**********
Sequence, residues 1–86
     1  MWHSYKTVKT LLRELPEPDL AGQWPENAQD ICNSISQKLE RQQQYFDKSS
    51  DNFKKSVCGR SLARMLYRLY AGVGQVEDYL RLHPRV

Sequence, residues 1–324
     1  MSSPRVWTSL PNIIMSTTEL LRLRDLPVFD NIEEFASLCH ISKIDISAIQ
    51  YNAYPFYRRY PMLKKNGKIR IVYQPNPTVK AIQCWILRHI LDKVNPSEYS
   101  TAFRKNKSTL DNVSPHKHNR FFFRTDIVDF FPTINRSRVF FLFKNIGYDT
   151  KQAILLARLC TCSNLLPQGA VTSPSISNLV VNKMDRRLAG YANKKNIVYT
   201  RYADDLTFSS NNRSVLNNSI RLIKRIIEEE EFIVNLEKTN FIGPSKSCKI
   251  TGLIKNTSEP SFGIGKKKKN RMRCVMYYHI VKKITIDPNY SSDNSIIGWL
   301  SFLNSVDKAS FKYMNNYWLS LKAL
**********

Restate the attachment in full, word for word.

Sequence, residues 1–86
     1  MWHSYKTVKT LLRELPEPDL AGQWPENAQD ICNSISQKLE RQQQYFDKSS
    51  DNFKKSVCGR SLARMLYRLY AGVGQVEDYL RLHPRV

Sequence, residues 1–324
     1  MSSPRVWTSL PNIIMSTTEL LRLRDLPVFD NIEEFASLCH ISKIDISAIQ
    51  YNAYPFYRRY PMLKKNGKIR IVYQPNPTVK AIQCWILRHI LDKVNPSEYS
   101  TAFRKNKSTL DNVSPHKHNR FFFRTDIVDF FPTINRSRVF FLFKNIGYDT
   151  KQAILLARLC TCSNLLPQGA VTSPSISNLV VNKMDRRLAG YANKKNIVYT
   201  RYADDLTFSS NNRSVLNNSI RLIKRIIEEE EFIVNLEKTN FIGPSKSCKI
   251  TGLIKNTSEP SFGIGKKKKN RMRCVMYYHI VKKITIDPNY SSDNSIIGWL
   301  SFLNSVDKAS FKYMNNYWLS LKAL